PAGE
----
Cerna Home Care Hunting Revenue Gains with New Smartwatch for Seniors

Falls remain one of the major causes of fatal injury and hospital admissions among older adults. One large home care company is tackling the issue by developing — and selling — its own fall-detection technology.

The company is Irving, California-based Cerna Home Care, a provider of non-medical home care and nursing services with more than 2,000 employees. Founded in 2008, Cerna Home Care currently operates in California, Arizona, Texas, Utah, Nevada, Oregon, Washington, Idaho and New Mexico.

Earlier this month, Cerna Home Care launched Onhand Assistance, a smartwatch for older adults living at home. Developed in-house, the smartwatch offers multi-setting fall detection features and notification capabilities, in addition to a heart rate monitor, medication reminders, two-way calling and a help button.

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Falls continue to be an ongoing hazard for older adults. In fact, falling is the fifth-leading cause of death among seniors, as roughly 20,000 individuals die each year because of fall-related related injuries. That number is expected to jump to more than 40,000 in 2020, according to the U.S. Department of Housing and Urban Development (HUD).

Overall, fall-related injury costs are projected to grow to $59.7 billion by 2020.

Besides helping to prevent falls, Onhand Assistance also addresses older adults navigating memory issues. The smartwatch has a geo-fencing feature that sets predefined boundaries and sends out alerts if a user goes outside of them.

“If someone has memory issues and they start wandering, we are going to get an alert, and we can call authorities and direct them right to where they are at [with] pinpoint location,” Nick Payzant, founder and CEO of Cerna Home Care, told Home Health Care News.

Additionally, the smartwatches are automatically programmed to include a quick-dial function, which connects users to Cerna’s caregivers and any other individuals identified by users.

Apart from potentially keeping clients out of the hospital, the smartwatch also adds a new revenue stream to Cerna’s mix. Onhand Assistance costs $29.95 per month, with an additional $99 per month if users choose to add a caregiver to the service.

About 170 clients are using the smartwatch, which a figure Cerna hopes to see climb to 10,000 by the end of 2020. If the company hits that mark, it would translate into tough $5 million in added revenue, Payzant said.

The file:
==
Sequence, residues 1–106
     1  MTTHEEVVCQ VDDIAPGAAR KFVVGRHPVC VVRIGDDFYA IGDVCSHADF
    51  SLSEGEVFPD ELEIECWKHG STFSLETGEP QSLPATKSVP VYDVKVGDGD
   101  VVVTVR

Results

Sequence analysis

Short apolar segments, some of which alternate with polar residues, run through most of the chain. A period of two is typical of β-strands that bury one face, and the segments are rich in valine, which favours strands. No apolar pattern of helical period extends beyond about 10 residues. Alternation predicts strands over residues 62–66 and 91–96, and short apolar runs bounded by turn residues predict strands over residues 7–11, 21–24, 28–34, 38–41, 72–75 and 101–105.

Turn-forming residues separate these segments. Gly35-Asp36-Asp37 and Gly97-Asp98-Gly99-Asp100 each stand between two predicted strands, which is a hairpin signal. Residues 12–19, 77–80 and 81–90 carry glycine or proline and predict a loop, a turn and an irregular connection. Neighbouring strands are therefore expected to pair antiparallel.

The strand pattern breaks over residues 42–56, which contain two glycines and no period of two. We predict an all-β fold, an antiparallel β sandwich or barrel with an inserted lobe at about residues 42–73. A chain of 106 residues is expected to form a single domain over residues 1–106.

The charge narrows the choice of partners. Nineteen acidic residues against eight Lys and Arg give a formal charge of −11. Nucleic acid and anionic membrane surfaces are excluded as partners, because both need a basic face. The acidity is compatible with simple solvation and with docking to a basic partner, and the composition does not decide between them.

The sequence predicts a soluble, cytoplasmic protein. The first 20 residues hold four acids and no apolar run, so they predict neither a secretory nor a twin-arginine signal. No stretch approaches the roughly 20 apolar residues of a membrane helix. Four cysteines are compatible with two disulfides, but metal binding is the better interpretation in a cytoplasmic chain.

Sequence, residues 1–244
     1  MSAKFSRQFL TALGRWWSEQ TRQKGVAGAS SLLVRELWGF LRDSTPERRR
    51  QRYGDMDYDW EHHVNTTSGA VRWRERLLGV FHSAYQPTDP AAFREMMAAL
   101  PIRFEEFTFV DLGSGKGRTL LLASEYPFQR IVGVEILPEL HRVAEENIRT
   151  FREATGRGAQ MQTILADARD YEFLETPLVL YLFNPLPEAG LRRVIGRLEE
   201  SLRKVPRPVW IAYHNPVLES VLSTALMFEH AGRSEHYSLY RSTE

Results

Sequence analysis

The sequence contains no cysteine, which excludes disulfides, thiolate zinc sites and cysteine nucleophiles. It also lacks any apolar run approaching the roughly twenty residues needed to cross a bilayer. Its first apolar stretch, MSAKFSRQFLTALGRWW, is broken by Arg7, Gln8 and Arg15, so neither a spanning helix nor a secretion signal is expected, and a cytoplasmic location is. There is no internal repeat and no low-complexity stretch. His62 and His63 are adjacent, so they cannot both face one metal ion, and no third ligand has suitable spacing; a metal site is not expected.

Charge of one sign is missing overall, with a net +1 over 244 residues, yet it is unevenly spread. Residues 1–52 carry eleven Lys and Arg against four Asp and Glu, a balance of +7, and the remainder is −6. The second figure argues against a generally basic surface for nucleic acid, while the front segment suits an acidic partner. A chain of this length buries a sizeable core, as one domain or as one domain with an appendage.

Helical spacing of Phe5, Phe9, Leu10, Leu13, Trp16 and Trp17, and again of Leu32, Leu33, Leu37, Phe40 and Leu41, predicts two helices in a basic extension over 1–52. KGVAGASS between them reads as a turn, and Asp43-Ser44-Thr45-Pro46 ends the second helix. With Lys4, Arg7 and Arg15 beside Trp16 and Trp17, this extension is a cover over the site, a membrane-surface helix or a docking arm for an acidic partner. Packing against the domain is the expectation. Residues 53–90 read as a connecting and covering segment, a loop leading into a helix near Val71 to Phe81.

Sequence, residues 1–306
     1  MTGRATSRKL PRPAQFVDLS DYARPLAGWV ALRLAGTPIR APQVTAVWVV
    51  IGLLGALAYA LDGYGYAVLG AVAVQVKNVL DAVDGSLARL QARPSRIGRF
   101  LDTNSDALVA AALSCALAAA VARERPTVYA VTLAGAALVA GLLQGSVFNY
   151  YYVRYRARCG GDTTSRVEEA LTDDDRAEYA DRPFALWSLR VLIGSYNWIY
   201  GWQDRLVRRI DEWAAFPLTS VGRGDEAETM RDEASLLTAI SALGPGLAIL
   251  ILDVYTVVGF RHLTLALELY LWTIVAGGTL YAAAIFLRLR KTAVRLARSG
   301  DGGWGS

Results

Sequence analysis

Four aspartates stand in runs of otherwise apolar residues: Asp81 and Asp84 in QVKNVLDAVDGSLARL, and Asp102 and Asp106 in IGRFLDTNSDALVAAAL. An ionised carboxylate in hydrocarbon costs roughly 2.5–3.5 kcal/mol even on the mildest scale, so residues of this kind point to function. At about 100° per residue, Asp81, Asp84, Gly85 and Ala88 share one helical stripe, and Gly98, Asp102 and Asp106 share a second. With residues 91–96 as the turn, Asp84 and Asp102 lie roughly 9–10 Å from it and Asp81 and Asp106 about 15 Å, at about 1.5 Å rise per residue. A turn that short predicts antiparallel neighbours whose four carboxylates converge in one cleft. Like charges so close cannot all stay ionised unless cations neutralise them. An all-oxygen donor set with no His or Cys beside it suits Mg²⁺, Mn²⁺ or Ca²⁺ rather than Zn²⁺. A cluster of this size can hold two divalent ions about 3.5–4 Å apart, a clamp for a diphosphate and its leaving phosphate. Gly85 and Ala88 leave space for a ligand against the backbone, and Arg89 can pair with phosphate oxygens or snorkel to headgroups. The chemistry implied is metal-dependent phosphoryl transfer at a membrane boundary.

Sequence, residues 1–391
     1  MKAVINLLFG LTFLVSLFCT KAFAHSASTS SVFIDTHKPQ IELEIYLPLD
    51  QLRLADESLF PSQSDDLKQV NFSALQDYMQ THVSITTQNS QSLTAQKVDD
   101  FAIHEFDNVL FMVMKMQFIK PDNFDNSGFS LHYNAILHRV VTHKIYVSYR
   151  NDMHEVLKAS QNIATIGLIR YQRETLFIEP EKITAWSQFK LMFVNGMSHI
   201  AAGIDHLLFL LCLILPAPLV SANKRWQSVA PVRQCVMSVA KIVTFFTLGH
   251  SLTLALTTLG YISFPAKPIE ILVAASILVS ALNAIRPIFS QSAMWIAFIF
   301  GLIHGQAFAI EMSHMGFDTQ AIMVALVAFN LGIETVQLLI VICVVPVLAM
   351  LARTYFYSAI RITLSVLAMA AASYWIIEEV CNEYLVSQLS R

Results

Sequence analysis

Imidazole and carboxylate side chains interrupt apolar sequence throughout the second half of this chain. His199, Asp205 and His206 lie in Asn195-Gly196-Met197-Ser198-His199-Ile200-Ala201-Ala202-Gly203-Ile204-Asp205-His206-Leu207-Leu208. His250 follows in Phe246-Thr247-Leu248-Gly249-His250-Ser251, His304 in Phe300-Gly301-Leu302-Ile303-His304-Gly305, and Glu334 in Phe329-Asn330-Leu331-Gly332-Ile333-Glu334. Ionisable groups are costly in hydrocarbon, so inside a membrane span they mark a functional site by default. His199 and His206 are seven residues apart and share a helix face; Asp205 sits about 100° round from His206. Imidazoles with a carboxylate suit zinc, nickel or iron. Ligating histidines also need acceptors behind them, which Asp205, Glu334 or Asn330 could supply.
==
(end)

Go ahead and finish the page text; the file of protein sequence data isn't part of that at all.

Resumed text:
Access to Onhand Assistance is not just limited to Cerna clients.

A changing landscape

Onhand Assistance is the result of Cerna seeking solutions to the changing landscape of the home care industry, including the rising cost of home care that is partly due to the caregiver shortage, according to Payzant, who began developing the product three years ago.

The company uses an international contract manufacturer to make the Onhand Assistance product.

“As the cost of care has gone up, we’ve really looked for a way to mitigate that — and this is one of the ways,” Payzant said. “Technology has gotten so much better, and we saw that you could have a wearable and manage a client from afar. We could see their vitals, we could see if they’ve fallen and if they have memory and wandering issues.”

“We could communicate directly and send medication reminders,” he added. “That services a big chunk of why people need care, and we could sprinkle in the direct care, so if they do need more hands-on help, we can do that and there are minimal costs.”

Cerna isn’t alone in trying to address falls among older adults, as a handful of tech giants have similarly made the area a priority.

For example, last year, Apple (Nasdaq: AAPL) added a fall detection feature to its Apple Watch Series 4.

Technology companies are free to create and sell services aimed at senior care, but the heavy lifting will likely be done by the experts, according to Payzant. Providers have the home court advantage when it comes to understanding the service needs of older adults, he said.

“Apple has a great product,” Payzant said. “The problem with it is, you have to have an iPhone to pair with it. Our seniors found that too challenging. What ends up happening is that the ones that already have a phone have to get rid of it and get acclimated with a new product. Plus, the phone and watch have to be synced, which requires some existing knowledge of operating a smartphone.”

In some ways, Onhand Assistance improves on the model of traditional medical-alert devices while embracing technology. The platform also demonstrates a keen understanding of the market Cerna operates within.

“We are seeing seniors like this type of solution because they don’t want to be the old person with the [medical alert] pendant around their neck,” Payzant said. They get a smartwatch that’s discreet, and they are talking to care personnel or family and determining whether there needs to be an ambulance. A call center would just dispatch an ambulance.”

Early results

So far, Cerna’s technology has led to an intervention in 70% of the incidents it detects. That mostly takes the form of assistance when falls occur, according to Payzant.

In general, timely interventions are important because they reduce the use of ambulances, emergency department trips, calls to the doctor and adult children taking time off work to attend to any given issue.

A small amount of data compiled by Cerna also shows that Onhand Assistance is preventing roughly 20% of falls by utilizing the information from the smartwatch, including heart rate. Once a fall is detected, Cerna can put measures in place to avoid a future fall.

“If we get an alert and are trying to reach the client [but can’t], the secondary backup data we look for is the heart rate because, if they’ve had a fall or an accident, there’s probably going to be a [spike],” he said.

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